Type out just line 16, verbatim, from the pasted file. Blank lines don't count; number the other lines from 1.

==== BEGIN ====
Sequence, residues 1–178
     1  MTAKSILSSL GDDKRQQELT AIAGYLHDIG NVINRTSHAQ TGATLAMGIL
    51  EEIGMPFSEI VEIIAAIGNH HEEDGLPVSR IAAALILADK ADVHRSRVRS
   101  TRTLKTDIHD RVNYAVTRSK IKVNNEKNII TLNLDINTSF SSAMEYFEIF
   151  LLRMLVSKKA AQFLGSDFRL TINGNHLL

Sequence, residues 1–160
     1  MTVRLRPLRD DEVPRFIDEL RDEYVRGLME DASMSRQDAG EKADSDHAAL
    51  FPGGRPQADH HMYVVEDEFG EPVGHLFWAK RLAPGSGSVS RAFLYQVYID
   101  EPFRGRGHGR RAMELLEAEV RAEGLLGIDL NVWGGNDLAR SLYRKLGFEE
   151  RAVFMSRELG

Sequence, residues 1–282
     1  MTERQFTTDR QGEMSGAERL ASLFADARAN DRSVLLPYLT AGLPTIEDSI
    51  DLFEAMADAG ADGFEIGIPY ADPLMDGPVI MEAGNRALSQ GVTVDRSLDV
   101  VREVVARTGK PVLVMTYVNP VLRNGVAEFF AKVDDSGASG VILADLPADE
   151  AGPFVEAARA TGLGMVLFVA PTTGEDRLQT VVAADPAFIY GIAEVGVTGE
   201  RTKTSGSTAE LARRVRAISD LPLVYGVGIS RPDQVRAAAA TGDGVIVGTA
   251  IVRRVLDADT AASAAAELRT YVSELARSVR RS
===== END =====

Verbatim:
   201  RTKTSGSTAE LARRVRAISD LPLVYGVGIS RPDQVRAAAA TGDGVIVGTA